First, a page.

When "Ho Ho Ho!" Is More Like "No No NO!"

For many people, “Happy Holidays” are anything but. Heightened expectations and the Hallmark version of what the holidays are supposed to look like opens the flood gates of stress hormones that turn the scent of gingerbread into the stench of dread.

The tidings of the season often result in unrealistic hopes that everything will be perfect and everyone will be happy. The notion of sitting around a fire with family, unwrapping gifts before feasting at a linen draped table inspired by Martha Stewart’s Home for the Holidays special doesn’t reflect the reality of the family conflicts, financial difficulties, and travel headaches that are just the tip of the stress iceberg. Rising cortisol levels combined with the force of emotional contagion can make even the Griswolds’ holiday look charming in comparison.  


Research surveys routinely show that more than HALF of Americans experience overwhelming  stress and increased feelings of depression during the holidays – meaning that for most of us all of that holiday cheer ranks right up there with a getting a root canal or filing for divorce.

According to the American Psychological Association (APA), more than half of all women (51%) and men (43%) in the United States experience enough stress to chemically change the brain and potentially result in physical side-effects.

With all the holiday hullabaloo, making time for self-care often falls to the bottom of a very long to-do list. The good news is that there are some easy ways to shift your neurochemistry and counter the joy-sucking cortisol stream with the “happiness trifecta” of  dopamine, serotonin and oxytocin.


Six simple ways to keep the holidays from hijacking your sanity. 

Prioritize Yourself – Remember that self-care is not selfish. Think of it as putting the oxygen mask on yourself first so that you can be more present for those around you.

Practice Gratitude – Studies show that the intentional practice of gratitude can lower your stress hormones by 25%. When you start to feel your stress level rising, look for something – anything – to be grateful for in that moment. If you want an extra boost, reach out and tell someone why you appreciate that person. Expressing appreciation for others has a bigger impact on you than them.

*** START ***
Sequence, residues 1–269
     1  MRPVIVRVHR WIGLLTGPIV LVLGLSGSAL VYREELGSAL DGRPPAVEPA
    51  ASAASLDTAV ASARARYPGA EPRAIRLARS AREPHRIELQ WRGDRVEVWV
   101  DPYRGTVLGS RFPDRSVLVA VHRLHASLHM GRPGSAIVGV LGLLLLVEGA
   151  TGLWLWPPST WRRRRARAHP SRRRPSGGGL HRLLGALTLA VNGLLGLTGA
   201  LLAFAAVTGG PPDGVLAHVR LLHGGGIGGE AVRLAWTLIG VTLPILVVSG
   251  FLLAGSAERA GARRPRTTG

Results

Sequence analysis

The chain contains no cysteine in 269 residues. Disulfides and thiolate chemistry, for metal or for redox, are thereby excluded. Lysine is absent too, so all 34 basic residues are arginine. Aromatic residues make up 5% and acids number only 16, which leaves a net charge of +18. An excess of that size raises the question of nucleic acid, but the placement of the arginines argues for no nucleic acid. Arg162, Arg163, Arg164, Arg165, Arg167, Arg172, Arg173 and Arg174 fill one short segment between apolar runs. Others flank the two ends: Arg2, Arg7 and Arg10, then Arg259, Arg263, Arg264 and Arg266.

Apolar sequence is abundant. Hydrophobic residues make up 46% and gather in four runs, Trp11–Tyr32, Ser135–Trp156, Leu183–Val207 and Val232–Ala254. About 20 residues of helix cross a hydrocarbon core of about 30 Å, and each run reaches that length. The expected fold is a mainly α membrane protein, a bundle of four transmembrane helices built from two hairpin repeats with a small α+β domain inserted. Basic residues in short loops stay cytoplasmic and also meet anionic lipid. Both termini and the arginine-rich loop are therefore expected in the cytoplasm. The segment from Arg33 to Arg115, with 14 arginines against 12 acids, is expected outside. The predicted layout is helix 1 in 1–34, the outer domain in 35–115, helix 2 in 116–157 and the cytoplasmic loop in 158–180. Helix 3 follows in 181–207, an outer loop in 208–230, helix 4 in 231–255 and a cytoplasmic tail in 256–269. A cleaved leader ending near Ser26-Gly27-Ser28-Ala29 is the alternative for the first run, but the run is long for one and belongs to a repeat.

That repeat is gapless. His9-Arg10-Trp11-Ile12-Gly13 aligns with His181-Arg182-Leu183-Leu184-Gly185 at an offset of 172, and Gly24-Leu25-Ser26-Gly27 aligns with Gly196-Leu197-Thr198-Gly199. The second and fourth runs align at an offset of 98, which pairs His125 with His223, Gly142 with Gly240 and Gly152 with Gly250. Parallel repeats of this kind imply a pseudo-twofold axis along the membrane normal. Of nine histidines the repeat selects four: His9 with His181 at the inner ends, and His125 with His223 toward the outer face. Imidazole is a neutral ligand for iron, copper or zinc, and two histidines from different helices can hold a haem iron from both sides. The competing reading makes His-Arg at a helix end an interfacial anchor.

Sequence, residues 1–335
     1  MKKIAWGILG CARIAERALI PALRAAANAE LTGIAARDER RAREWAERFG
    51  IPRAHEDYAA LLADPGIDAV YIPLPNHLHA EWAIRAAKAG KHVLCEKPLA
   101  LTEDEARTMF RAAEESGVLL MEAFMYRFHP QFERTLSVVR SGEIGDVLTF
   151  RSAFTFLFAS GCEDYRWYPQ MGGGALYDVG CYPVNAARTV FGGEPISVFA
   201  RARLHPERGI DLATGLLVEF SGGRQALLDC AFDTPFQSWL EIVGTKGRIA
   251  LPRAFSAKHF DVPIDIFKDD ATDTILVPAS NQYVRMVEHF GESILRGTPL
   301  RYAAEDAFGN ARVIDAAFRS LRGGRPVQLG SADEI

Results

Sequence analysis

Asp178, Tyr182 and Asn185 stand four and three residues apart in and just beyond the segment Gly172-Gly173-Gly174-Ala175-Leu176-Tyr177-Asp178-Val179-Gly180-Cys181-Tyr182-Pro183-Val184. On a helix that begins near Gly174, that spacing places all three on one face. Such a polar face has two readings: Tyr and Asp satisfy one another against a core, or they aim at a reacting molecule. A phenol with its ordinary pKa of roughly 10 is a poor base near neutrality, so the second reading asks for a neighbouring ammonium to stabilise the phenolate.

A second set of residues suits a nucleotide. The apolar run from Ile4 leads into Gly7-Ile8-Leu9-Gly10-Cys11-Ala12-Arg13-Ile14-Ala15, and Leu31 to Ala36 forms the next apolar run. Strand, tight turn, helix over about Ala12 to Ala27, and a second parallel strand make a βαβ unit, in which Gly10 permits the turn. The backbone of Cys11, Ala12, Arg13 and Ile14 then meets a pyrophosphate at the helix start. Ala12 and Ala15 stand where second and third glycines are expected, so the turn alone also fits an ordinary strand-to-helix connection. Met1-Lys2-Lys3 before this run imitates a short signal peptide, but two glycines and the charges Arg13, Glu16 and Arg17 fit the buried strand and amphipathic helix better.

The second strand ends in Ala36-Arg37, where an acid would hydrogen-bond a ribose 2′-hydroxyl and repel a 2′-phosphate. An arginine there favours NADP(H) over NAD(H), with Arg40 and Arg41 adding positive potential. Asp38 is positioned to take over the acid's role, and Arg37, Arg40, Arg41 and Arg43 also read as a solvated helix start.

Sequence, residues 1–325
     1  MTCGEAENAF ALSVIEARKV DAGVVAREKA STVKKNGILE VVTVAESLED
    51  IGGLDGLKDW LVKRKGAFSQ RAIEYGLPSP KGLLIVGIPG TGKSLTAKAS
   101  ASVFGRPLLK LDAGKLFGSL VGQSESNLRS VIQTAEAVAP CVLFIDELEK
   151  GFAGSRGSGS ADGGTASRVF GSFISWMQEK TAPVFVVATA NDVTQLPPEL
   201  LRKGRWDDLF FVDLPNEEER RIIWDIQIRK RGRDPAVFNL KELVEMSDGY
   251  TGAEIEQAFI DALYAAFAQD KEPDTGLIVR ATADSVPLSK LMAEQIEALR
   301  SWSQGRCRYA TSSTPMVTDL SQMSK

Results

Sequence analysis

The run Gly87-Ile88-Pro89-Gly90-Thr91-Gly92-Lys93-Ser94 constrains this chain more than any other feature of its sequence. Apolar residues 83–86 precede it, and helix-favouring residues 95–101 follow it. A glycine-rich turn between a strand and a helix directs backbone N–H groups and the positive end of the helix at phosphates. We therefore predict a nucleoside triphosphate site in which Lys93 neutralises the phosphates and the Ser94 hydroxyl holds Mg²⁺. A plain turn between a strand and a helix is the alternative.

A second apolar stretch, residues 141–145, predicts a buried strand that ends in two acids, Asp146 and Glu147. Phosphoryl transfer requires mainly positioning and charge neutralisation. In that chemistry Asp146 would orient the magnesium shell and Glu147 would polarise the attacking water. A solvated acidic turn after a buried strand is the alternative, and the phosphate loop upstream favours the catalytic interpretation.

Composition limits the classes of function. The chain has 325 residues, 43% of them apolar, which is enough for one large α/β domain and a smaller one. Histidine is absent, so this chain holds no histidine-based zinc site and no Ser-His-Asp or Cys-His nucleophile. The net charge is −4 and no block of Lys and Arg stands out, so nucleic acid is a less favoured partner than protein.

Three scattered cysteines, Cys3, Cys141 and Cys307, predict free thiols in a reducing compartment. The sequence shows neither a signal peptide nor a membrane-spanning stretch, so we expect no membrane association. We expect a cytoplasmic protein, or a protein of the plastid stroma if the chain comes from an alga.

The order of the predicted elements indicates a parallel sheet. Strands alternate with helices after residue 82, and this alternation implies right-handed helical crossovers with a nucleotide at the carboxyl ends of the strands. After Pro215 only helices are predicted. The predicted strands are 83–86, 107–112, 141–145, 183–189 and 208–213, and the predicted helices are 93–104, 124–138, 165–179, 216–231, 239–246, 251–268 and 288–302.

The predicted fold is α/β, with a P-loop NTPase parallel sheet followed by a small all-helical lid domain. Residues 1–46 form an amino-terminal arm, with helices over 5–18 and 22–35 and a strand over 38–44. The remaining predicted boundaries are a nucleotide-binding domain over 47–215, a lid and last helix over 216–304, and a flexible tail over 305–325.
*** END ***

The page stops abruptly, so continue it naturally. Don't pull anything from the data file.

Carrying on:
Give Back – Helping others and expecting nothing in return creates a powerful pathway to happiness.  Altruistic behaviors release dopamine, oxytocin, and serotonin. Interestingly, small repeated boosts of the happy cocktail will produce the most benefit, so look for little ways to help others and do so frequently.

Make Meaningful Small Talk – Avoid stock phrases like “have a nice day” or “happy holidays” when engaging with others. Try out, “Thank you for being the best part of my day so far!” on the deli worker at the grocery store or tell the postal clerk “I hope people are nice to you today.” This small gesture costs nothing and will be a pleasant surprise.  Flash a smile as an extra bonus and you’ll both get a dose of happy chemicals.

Make Connections – Humans are wired to connect, but we tend to withdraw and isolate ourselves when we need to feel a sense of belonging the most. Social isolation is one of the biggest predictors of depression, especially during the holidays.  If family dynamics are part of your holiday stress, find others with whom you can connect, feel accepted and loved.

Breathe – Deep diaphragmatic breathing exercises stimulate the vagus nerve and engages the parasympathetic nervous system Learn more about the parasympathetic nervous system and the vagus nerve in this video

As you navigate the crowds and the traffic and the endless obligations, remember that everyone you meet may be silently fighting a battle you know nothing about.

Finally, let me leave you with an important reminder: “simple” does not always mean easy.  For many people, the enjoying the holidays and employing these five “simple” strategies are anything but easy. As you navigate the crowds and the traffic and the endless obligations, remember that everyone you meet may be fighting a silent battle you know nothing about.  

Some may be gathering around the table for the first time without a loved one. Others may be fighting custody schedules wondering how to make the magic of Christmas happen for their children the day after Christmas because the ex gets them on Christmas. Some will not worry about gifts or a tree because there is no room to put them in the car they call “home.” And, others will sequester themselves so as not to disclose just how sad and alone they actually feel.

If you notice someone who seems sad, acknowledge that person.  Reach out and let him or her know that you care. Sometimes, a kind word or a simple expression of recognition can be  incredibly meaningful. The smallest gesture can make a world of difference to someone who feels alone. If you're feeling depressed, give yourself permission to feel exactly how you feel, and remember that you are not alone.  And, if you find all of it just too much to handle, let someone in to help you. 

If you or someone you know is considering suicide or self-harm, there are resources available to provide free and confidential support. Call the National Suicide Prevention Lifeline at 1-800-273-TALK or Teen Line at 1-800-TLC-TEEN or SAMHSA National Helpline at 1-800-662-HELP.

Please share this post to anyone you know who may be struggling with the holidays this year. 

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